Black Tax is Killing Me


Black Tax is Killing Me

As a 90s babe, trying to achieve financial goals and working towards retiring at 40 looks like a far-fetched dream. ‘Did you manage to get something? Your brother is going back to school and he needs to be sorted. With a reluctant ‘yes I got it covered,’ I cancel out the figures I scribbled on my notebook under the ‘dream car’ savings column. For how long will I keep doing this cancel culture? 


After hustling for months as a brand ambassador for alcoholic beverages in popular watering holes, I manage to bag a Personal Assistant position thanks to a friend of a friend whom I was lucky to meet in the liquored line of duty. This is it, the road to building wealth begins, I tell myself, I will save as much as I can to give myself the life I believe I deserve and no one will stop me.  


That was seven years ago and till date I still haven’t figured out the formula to end the dilemma of putting everyone else’s needs and wants before mine. Along the many years of work, career changes and finally settling into what I love doing most, media production specializing as Video Editor and Script Writer. In this field, I meet colleagues who become friends and are surprisingly facing the same music as I am!


‘I have to take care of my dad’s medical needs most of the time, unajua kama first born nafaa kuwa example kwa wale wengine si rahisi’ (as a first born, I have to be an example to my other siblings, it’s not easy). Allan chimes in as I finish my wireless transaction of funds from my account to my mother’s, to cater for my youngest brother’s college needs. It’s been a long morning at the work place, we trade stories as we take a walk along the grassy stretch behind the three-story office building that stands a hundred meters from Karen shopping center.


Two weeks later, it is 7:15 pm on a Wednesday evening. I’m on a marathon with time trying to get to an appointment I booked 24hrs prior for 7 pm and I don’t want to reschedule. Almost out of breath I reach my destination on Kimathi street at Kimathi house, one of the many buildings in the Central Business District I had never set foot in until I had reason to like this particular day. The details on the WhatsApp poster read 8th floor so I head in and just to be sure I confirm with the Askari the direction to the lift. 


A few days prior to my visit, the elevator wasn’t working, and people had to unwillingly exercise to their floor of choice. Thanks to a tip off from my friend, I chose to make my trip in the middle of the working week, after it was fixed. As I regain my composure through the eight-floor journey, the ding dong alert of the lift summons the doors to open.  I make my way towards the door with the familiar pink and purple logo of my friend’s company name.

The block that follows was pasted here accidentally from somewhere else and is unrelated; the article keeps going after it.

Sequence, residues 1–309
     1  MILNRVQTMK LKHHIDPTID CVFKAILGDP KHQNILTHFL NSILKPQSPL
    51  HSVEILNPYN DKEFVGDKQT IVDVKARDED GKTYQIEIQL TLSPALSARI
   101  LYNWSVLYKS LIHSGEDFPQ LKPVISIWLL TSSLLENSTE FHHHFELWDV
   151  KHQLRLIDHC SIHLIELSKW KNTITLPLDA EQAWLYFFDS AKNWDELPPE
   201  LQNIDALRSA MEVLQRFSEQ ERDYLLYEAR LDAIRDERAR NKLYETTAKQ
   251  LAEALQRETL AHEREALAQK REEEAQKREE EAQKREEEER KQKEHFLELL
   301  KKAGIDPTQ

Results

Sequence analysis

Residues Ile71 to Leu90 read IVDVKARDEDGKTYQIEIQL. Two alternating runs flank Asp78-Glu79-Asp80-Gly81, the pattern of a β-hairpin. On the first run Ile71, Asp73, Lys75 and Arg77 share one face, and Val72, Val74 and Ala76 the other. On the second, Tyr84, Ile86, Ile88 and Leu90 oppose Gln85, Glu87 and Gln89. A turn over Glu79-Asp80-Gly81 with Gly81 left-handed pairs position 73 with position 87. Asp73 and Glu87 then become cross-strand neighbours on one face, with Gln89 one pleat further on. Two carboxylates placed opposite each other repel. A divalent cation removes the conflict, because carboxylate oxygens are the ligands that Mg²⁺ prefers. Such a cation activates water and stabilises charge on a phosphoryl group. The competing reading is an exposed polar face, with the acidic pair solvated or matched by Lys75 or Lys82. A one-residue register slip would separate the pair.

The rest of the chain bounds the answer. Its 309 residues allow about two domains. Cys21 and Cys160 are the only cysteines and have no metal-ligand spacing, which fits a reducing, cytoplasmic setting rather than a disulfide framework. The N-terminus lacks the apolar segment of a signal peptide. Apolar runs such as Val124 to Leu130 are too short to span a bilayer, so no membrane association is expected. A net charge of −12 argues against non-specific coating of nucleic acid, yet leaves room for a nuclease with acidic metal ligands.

The reception area is empty, as soon as I reach into my pocket for my phone to make a call, my Jacky pops up from a door on my right I had clearly missed. She embraces me in a long tight hug. It had been a minute since we last saw each other and supporting this new business venture of hers was the perfect opportunity to re-connect. 


The real reason I showed up was the irresistible first visit discount I was getting for my gel manicure. I couldn’t pass that offer. In a bid to make me comfortable and ready for the makeover, she stakes my bag and leads me to a white-walled room with various gold framed mirrors for a touch of wow. She then directs me to one of the white tables where the glam happens. I take a seat as the Nail Tech walks in and lines up her tools of trade on my table.


We catch up while the Tech works her magic on my neglected but neat fingernails which she soaks in warm soapy water. After several minutes of udaku and high fives the conversation gets serious. She brings up her frustrations of having to take her younger siblings through school and still think about the future of her three-year-old son. This she narrates while she gazes outside the window, staring into the pretty city lights of various buildings in the vicinity. 


After emptying her reservoirs of lamentations, in a firm declaration of faith she says ‘may this black tax thing end with us in Jesus name!’ We both say ‘Amen’ with enthusiasm. 


At this point the prep is done and I can’t wait to see how the teal polish I chose will look on my avatar fingers. Finishing off with a hand massage she is good with her technique, she relaxes my tense arm muscles which are in places I never knew existed. My fingers feel worthy of doing the queen’s wave. Soft to the touch and glitzy to the eye, I am pleased with the service.  I make my payment applying the 30% off for the first visit. 


It is almost 9 pm, Jacky’s closing time. I don’t mind waiting for her to lock up. The Nail Tech clears her work station, leaving everything neat and tidy. I thank her for a job well done as she picks up her bag and bids us farewell. Jacky does her usual safety protocol before locking the glass frosted doors. We take a selfie for old times’ I place my hands near my face to show off my freshly manicured claws. Like they saying goes ‘if you didn’t snap it, it probably never happened.’ This is necessary as the photo would later be shared in the high-school WhatsApp group to encourage more gals to show up and support one of their own.


I head home feeling all pretty, enjoying the throwback R&B classics blaring from the speakers of the 111 Ngong nganya. I get a text notification from my brother, ‘please call me thank you’ it reads. Didn’t I send mother enough money to sort him out? Sigh! What is it this time?


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